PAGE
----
Recent FMLA Updates: Changes to the FMLA Notice Poster and a DOL Interpretation Addressing FMLA-Protected Leave for Caring for Adult Children
FMLA Notice Poster The Family and Medical Leave Act (FMLA) notice poster has been revised (revised poster available here). It is required to be posted/ distributed by March 8, 2013. The revised poster reflects recent FMLA regulations issued by the Department of Labor. Notable changes include an expansion of FMLA military leave coverage to include both current servicemembers and those discharged within the past five years. In addition, the revised FMLA poster removed the definition of "serious injury or illness" from the military family leave section and replaced it with an emboldened notice that the FMLA definitions of "serious injury or illness" for current servicemembers and veterans are separate and distinct from the FMLA definition of "serious health condition."
FMLA-Protected Leave for Caring for Adult Children The Wage and Hour Division of the U.S. Department of Labor recently issued Administrator's Interpretation No. 2013-1 (full interpretation available here; fact sheet available here; and FAQs available here) clarifying the definition of "son or daughter" under Section 101(12) of the FMLA with regard to adult children. Generally, the FMLA entitles an eligible employee to take up to 12 work weeks of unpaid, job-protected leave during a 12-month period in order to care for a son or daughter with a serious health condition. A child under 18 years old qualifies as a "son or daughter" under the FMLA whether or not the child has a disability, so long as the employee shows a need to care for the child due to the child's serious health condition. However, in order for an adult child (18 years of age or older) to qualify as a "son or daughter" for whom an employee can use FMLA leave, the adult son or daughter must:
(1) have a mental or physical disability under the ADA's definition;
(2) be incapable of self-care due to that disability;
(3) have a serious health condition; and
(4) be in need of care due to the serious health condition.
The interpretation goes on to provide specific points of clarification outlined below.
1. The age of the onset of disability is irrelevant. An otherwise qualifying adult son or daughter may have developed his or her disability at any time, before or after the child turned 18, and still have his or her parent qualify to provide FMLA-protected care.
2. The FMLA uses the ADA's definition of "disability." The interpretation clarifies that amendments to the ADA's definition of disability contained in the ADAAA apply to the FMLA. Therefore, the ADAAA's recent changes to the ADA's definition of disability apply to the FMLA's definition.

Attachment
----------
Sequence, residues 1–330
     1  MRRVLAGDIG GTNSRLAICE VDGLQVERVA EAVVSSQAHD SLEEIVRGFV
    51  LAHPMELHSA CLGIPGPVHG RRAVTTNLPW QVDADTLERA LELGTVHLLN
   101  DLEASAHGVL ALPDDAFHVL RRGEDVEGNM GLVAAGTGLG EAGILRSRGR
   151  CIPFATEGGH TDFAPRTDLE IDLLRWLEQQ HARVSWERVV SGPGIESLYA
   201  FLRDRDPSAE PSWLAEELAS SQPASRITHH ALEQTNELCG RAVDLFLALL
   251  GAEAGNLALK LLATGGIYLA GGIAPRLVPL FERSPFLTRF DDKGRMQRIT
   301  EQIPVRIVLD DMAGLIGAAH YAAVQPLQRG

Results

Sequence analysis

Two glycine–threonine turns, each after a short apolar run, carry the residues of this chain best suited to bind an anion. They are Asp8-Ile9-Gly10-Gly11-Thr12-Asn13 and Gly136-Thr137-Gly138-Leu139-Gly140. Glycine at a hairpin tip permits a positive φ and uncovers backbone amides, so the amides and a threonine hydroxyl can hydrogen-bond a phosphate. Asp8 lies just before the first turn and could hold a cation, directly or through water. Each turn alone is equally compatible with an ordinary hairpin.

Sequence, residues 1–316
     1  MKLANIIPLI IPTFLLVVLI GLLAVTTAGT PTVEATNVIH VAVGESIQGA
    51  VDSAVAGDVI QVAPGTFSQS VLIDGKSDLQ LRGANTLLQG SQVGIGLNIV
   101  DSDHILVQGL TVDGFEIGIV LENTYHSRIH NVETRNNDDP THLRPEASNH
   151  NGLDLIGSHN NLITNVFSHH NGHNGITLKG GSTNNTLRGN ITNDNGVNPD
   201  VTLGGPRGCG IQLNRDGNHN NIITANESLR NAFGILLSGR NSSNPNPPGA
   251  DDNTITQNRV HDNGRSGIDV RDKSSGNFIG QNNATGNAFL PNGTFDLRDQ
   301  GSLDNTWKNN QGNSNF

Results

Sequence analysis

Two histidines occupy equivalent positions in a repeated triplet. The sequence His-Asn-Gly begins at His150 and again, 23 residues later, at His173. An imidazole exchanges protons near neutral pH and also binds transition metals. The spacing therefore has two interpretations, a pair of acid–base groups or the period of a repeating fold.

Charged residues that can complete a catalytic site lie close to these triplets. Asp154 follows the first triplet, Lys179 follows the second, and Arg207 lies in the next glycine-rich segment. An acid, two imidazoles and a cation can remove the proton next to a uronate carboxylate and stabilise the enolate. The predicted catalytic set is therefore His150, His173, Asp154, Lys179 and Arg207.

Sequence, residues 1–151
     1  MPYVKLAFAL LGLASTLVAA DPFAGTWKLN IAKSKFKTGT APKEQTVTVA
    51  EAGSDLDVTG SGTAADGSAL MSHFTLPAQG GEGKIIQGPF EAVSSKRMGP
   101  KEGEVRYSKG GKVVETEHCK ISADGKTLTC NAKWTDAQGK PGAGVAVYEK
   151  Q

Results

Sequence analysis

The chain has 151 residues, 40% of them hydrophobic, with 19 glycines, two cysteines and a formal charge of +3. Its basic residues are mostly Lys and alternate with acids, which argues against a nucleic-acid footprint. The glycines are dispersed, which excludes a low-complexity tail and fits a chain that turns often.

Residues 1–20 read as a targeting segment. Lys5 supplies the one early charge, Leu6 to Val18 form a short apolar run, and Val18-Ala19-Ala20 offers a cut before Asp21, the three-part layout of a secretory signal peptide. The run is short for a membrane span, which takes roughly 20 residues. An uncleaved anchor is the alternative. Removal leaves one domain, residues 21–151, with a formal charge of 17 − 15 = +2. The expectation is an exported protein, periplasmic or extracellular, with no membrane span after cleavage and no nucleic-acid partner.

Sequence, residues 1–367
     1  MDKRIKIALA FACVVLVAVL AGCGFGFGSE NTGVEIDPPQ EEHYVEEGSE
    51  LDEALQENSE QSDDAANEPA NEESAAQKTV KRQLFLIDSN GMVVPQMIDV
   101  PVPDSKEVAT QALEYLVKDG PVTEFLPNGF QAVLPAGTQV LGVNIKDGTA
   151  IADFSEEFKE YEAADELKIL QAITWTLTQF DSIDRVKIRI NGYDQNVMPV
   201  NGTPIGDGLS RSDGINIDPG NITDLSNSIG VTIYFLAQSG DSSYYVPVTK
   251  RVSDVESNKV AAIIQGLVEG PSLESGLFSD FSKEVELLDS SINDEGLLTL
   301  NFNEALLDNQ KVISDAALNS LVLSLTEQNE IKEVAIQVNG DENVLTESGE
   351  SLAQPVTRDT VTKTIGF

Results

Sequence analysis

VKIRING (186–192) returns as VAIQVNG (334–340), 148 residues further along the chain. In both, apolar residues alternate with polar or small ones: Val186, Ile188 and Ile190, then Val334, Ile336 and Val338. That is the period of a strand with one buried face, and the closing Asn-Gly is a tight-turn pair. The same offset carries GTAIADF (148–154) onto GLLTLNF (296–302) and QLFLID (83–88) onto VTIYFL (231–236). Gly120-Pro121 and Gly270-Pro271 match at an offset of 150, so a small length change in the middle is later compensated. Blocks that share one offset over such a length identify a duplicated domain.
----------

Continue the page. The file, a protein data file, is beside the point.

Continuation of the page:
3. Other FMLA requirements (i.e., the adult child must be incapable of self-care, must have a serious health condition, and that the parent must be "needed to care" for the child) still apply and are still governed by existing FMLA regulations.
4. The interpretation does not apply to an employee's ability to take FMLA military leave for a son or daughter injured in military service. However, the interpretation clarifies that the parent of an injured servicemember may take FMLA leave in subsequent years (because FMLA military leave provides for leave only in a single 12-month period) so long as all of the FMLA requirements are met.
About Ahlers and Cooney's Client Alerts
Our Client Alerts are intended to provide occasional general comments on new developments in Federal and State law and regulations which we believe might be of interest to our clients. The Client Alerts should not be considered opinions of Ahlers & Cooney, P.C., and are not intended to provide legal advice as a substitute for seeking professional counsel. Readers should not under any circumstance act upon the information in this publication without seeking specific professional counsel. Ahlers & Cooney will be pleased to provide additional details regarding any article upon request. Additional copies of this Client Alert may be obtained by contacting any attorney in the Firm or by visiting the Firm's website at www.ahlerslaw.com.
©2013 Ahlers & Cooney, P.C. All Rights Reserved.
NOTICE TO THE PUBLIC The determination of the need for legal services and the choice of a lawyer are extremely important decisions and should not be based solely upon advertisements or self-proclaimed expertise. This disclosure is required by rule of the Supreme Court of Iowa. Memberships and offices in legal fraternities and legal societies, technical and professional licenses, and memberships in scientific, technical and professional associations and societies of law or field of practice does not mean that a lawyer is a specialist or expert in a field of law, nor does it mean that such lawyer is necessarily any more expert or competent than any other lawyer. All potential clients are urged to make their own independent investigation and evaluation of any lawyer being considered. This notice is required by rule of the Supreme Court of Iowa.